Picturing the Best: It Happened One Night

happened_1749151cIt’s easy to reduce Frank Capra to a series of benighted adjectives and put-on sentimentality, markers of his supposedly clueless optimism in the face of danger. But it’s wilder still to witness the willful disobedience of his early films and their blithe defiance of the spirit of their times. While other directors were content to apply the sound disease as a buttress to the burgeoning demand for cinematic realism, Capra’s spirit was to laugh in the face of crushing reality. In 1934, on the eve of his rise to gargantuan fame overnight, this meant upending the laissez-faire classism and lost-and-found degradation of opportunity in society into a spitfire screw-loose comedy that made mincemeat out of America’s aristocracy and paid homage to the zealous can-do Americana he fell in love with.

A fantasy Americana, admittedly, but a fantasia captured with a reflexive playfulness and an earnest, raffish cadence by Capra and his longtime screenwriter Robert Riskin, and at least their shared vision of entrepreneurial know-how isn’t purely, or even primarily, economic and capitalistic. Early on, the common person is enshrined with a wink and a nod when reporter Peter Warne (Clark Gable) reprimands his boss only to face the brunt of his employer’s firing gun. The screenplay positively tips its hat to Warne and his drunken, everyday comrades when they prance off, nominating him as the king, if only for a moment, not because of his obsequious subservience to his boss but because of his dogged, anarchic smack to his higher-up. Say what you will about Capra’s conservatism, but at least his brand of individualism is whole hog and encompasses anti-corporate acts more readily than those actions that prey to the servile gods that forced America into the mess of the ’30s in the first place.

Missing in the Frank Capra discussion is his not only the ribald tone of his early films but his closeted mastery of screen real estate and tempo. His boundless charisma as a director is buttressed by his careful calibration of the screen’s visual energy to dynamically reorient the flow of the dialogue and emblazon the momentous movement of the characters with a quick-witted, fleet-foot kinesis. The emotional and mental clutter of the screen manifests in a prickly, physical mania that is inscribed in the editing mechanics that barrel through the screen, emphasizing shifts in pace and character direction as the cross-cutting raises to a feverish pitch in sections of emotional madness. The editing of the film practically rolls off the dialogue, lending the clipped verbal barbs a visual fidelity in the architectural structure of the film. It’s so elegant it almost feels jejune today, but the lightning-scribed success is all splayed out on the screen.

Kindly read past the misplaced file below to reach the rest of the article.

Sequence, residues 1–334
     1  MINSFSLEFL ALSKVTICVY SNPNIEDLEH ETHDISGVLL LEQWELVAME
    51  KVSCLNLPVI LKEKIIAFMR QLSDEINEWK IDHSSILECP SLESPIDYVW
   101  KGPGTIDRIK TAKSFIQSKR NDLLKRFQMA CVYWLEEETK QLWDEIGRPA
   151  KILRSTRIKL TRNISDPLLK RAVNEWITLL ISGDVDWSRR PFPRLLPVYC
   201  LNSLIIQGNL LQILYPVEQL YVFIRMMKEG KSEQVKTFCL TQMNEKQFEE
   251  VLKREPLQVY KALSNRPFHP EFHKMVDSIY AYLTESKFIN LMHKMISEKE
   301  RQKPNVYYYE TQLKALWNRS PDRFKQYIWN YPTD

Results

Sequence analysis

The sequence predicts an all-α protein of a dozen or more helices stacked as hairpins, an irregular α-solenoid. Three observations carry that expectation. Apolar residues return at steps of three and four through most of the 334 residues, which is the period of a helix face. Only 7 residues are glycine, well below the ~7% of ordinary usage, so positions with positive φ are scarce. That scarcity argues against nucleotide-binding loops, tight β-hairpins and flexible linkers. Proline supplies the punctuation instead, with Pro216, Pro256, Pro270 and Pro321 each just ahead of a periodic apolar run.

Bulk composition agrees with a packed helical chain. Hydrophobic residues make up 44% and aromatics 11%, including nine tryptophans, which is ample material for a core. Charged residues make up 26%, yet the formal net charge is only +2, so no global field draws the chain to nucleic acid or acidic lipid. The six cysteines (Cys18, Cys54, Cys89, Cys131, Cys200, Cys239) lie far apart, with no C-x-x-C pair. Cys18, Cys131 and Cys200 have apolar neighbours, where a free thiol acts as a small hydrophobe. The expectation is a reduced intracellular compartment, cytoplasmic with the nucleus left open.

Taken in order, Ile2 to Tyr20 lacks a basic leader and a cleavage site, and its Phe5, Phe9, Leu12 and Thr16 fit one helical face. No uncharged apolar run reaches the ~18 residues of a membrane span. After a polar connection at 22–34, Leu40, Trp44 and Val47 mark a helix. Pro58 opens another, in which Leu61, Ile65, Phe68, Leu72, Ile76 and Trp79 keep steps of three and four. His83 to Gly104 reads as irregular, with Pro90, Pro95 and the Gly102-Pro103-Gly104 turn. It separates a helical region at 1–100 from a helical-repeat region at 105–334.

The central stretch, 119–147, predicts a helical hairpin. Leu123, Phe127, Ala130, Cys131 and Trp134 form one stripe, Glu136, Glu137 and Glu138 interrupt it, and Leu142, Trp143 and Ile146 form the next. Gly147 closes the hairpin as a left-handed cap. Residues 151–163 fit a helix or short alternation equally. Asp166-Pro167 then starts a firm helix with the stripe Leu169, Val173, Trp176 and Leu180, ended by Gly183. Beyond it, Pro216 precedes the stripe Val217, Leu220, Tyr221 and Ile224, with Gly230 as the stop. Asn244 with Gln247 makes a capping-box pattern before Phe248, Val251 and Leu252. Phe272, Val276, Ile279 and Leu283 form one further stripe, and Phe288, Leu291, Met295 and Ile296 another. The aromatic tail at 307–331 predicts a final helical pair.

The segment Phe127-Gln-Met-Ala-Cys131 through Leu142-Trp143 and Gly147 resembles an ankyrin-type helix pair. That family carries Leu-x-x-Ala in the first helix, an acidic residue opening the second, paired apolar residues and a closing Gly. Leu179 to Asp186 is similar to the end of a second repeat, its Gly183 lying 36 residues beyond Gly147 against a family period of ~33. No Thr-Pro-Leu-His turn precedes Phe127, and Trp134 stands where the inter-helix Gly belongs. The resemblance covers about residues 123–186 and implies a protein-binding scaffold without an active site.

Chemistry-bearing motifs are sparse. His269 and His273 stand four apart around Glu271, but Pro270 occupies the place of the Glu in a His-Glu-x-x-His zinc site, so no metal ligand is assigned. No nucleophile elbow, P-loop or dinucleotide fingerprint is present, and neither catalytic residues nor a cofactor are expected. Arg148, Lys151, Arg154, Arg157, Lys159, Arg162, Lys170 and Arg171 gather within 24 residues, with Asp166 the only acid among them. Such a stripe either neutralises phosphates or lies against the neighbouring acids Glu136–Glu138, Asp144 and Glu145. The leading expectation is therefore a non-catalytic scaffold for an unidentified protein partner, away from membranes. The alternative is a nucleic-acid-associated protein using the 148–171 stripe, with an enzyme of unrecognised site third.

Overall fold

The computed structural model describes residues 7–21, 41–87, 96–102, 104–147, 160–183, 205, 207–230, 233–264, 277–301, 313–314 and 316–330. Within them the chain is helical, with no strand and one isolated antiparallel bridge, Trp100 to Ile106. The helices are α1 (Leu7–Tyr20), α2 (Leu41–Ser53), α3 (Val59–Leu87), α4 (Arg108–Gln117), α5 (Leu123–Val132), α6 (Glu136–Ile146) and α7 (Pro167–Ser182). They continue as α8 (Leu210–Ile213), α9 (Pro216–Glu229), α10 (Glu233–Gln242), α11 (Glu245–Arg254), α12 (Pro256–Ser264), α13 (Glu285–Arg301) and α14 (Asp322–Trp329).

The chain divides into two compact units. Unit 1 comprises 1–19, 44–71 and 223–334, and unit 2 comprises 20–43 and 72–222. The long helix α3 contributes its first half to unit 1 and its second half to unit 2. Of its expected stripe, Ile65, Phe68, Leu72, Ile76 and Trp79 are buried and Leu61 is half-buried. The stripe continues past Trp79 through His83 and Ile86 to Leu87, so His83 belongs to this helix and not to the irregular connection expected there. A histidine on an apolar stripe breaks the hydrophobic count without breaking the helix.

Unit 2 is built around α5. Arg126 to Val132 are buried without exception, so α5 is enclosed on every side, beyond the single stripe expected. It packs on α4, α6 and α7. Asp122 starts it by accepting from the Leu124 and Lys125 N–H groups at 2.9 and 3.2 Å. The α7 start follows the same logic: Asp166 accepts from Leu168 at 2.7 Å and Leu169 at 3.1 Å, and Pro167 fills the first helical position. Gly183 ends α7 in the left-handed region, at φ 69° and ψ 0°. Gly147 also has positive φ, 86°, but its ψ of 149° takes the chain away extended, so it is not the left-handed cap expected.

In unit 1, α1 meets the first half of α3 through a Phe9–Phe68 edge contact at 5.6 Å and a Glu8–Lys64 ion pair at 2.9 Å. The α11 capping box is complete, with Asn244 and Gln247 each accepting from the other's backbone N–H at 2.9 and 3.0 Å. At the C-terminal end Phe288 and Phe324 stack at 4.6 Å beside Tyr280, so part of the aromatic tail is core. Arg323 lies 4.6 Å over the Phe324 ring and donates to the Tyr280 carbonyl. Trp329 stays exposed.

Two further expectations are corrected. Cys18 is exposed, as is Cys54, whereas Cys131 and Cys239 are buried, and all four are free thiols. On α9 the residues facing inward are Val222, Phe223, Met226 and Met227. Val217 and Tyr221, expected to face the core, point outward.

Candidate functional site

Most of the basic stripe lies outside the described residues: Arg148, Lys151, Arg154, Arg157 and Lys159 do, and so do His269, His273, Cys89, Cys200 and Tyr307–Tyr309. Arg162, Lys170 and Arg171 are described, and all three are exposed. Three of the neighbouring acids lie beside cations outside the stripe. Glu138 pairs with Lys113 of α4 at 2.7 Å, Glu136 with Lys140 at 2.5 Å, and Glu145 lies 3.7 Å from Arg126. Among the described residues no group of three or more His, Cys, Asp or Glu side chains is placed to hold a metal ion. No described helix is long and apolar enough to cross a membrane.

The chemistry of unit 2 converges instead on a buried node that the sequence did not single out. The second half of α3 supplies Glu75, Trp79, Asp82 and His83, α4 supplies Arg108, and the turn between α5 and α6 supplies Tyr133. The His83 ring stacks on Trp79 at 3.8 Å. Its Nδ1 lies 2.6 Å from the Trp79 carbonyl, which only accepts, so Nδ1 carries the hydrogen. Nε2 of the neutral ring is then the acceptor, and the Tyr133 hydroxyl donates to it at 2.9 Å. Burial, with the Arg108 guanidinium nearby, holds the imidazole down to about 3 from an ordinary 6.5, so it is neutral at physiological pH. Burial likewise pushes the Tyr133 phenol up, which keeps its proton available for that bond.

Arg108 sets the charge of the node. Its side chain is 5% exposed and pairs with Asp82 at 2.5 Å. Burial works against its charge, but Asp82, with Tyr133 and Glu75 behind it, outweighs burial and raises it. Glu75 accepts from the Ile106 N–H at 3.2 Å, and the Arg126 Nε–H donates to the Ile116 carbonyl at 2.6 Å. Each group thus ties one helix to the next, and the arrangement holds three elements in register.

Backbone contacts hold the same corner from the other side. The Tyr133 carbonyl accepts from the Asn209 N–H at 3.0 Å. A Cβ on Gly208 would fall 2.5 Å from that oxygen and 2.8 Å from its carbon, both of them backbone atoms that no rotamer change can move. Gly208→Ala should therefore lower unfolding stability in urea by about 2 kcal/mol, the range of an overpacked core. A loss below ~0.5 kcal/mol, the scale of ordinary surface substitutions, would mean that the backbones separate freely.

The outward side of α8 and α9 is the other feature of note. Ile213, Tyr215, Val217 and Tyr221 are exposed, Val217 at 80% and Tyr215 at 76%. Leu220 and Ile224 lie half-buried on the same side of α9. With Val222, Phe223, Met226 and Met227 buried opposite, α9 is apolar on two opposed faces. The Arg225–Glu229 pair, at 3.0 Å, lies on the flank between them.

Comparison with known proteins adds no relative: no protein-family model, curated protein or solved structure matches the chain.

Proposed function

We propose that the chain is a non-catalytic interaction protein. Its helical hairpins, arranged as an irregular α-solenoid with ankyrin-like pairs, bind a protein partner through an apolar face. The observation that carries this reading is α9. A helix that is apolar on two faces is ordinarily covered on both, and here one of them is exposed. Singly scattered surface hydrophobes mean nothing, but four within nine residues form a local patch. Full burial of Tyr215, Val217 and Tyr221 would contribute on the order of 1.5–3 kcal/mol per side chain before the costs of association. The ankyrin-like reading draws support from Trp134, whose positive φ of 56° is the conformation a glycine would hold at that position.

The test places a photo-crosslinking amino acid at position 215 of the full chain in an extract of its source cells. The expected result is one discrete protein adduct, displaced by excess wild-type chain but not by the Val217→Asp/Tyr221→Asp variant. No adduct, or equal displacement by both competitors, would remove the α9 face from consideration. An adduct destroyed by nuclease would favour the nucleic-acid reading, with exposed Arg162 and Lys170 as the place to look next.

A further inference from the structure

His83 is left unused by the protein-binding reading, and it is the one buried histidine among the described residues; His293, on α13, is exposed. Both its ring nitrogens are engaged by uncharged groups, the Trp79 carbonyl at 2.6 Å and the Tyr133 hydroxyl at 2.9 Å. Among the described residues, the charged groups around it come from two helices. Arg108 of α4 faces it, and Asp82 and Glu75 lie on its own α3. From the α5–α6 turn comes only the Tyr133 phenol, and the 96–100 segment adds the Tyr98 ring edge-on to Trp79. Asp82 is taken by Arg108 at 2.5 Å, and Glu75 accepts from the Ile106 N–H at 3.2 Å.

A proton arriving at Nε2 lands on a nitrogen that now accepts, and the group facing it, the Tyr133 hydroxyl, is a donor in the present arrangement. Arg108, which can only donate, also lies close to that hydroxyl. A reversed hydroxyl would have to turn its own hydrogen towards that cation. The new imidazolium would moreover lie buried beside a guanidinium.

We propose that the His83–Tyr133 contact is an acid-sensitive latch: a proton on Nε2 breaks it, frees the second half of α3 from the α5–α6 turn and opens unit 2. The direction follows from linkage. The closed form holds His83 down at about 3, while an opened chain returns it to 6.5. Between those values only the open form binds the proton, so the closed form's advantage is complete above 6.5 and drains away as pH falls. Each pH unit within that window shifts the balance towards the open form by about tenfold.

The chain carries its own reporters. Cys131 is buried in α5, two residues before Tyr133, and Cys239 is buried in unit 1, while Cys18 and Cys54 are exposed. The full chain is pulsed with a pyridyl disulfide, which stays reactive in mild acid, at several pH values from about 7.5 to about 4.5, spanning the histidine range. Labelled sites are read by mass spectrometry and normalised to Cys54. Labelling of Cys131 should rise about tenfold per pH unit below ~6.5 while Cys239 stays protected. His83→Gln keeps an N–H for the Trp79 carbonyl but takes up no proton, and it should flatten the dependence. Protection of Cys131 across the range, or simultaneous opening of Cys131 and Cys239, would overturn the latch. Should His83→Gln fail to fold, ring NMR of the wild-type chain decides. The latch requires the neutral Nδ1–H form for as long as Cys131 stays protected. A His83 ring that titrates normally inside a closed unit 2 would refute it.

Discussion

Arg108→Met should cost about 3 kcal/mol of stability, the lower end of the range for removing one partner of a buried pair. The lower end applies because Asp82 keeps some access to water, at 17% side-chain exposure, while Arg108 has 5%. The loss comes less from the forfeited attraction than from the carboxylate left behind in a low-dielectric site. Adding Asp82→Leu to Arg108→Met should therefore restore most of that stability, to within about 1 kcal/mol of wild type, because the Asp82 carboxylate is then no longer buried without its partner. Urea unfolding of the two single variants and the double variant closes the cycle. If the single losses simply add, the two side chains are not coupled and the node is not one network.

At its heart, this love story about Ellie Andrews (Claudette Colbert) running away from the wealth she was born into and stumbling into the quick-talking ingenuity of Warne’s reportorial charisma is a tough-luck dissection of American community in a time of crisis. Although not foregrounded, Capra and Riskin delight in peeks behind the curtains of the working class who in this screenplay encompass the wild card ingenuity and flexible lifeblood of American energy that courses within each and every soul but is found most vividly in the heart not of the individual but of a community coping with depression the only way they knew how: the momentous, precipitous joy of reveling in the sharp twists of chance and chaos.

For Capra, it’s this chaos, the bedlam and pandemonium of everyday life, that brings people together, or better yet, conspires to have people pass by one another and flutter with the timely zest of single-serving public interaction. These aren’t people who know one another, but in recognizing each other, only for a moment, they dance a thudding pound of temporal collectivity that is all the more powerful for how fleeting and inconsequential it initially seems. A ringing conflagration of performance as a salve for anxiety persists throughout It Happened One Night, not only when watching Warne and Andrews go toe-to-toe to throw off the cops or Warne play a tough-talking gangster on a spur of the moment escapade but in the glimmers of collective song, dance, and public theater that acclimatize us to our performative identities in everyday life.

Much like the films of Chaplin or Keaton, Capra’s It Happened One Night is an ode to these roles we adopt on the stage of life, as well as a strapping escape to the realm of tonal imbalance and unshakable instability of everyday existence, an ode to accident and happenstance concocting possibility out of thin air. Tumult and surprise are catalysts for the magic hour in It Happened One Night, and in this regard, the film became something of an embodiment of its own worldview. With a fortuitous name that may have been more of a premonition than initially expected, It Happened One Night might refer to February 27, 1935, when the film emerged against all odds to outpace dramatic heavy hitters to win the Big Five Academy Awards while causing a nation on the brink to fall in love with each other, if only for a moment. As a film, it feels not planned so much as plucked out of thin air exactly as it would want to be, as so many of the film’s characters live their lives: in the moment, on the spot, with a gun pointed at its back and giving us its best yarn just to escape by the hair of its neck. Surrounded by lead-footed historical waxwork displays heavily lined, planned, ossified, and regimented to within inches of their lives, It Happened One Night feels like a whiff of magical circumstance.

Score: 10/10

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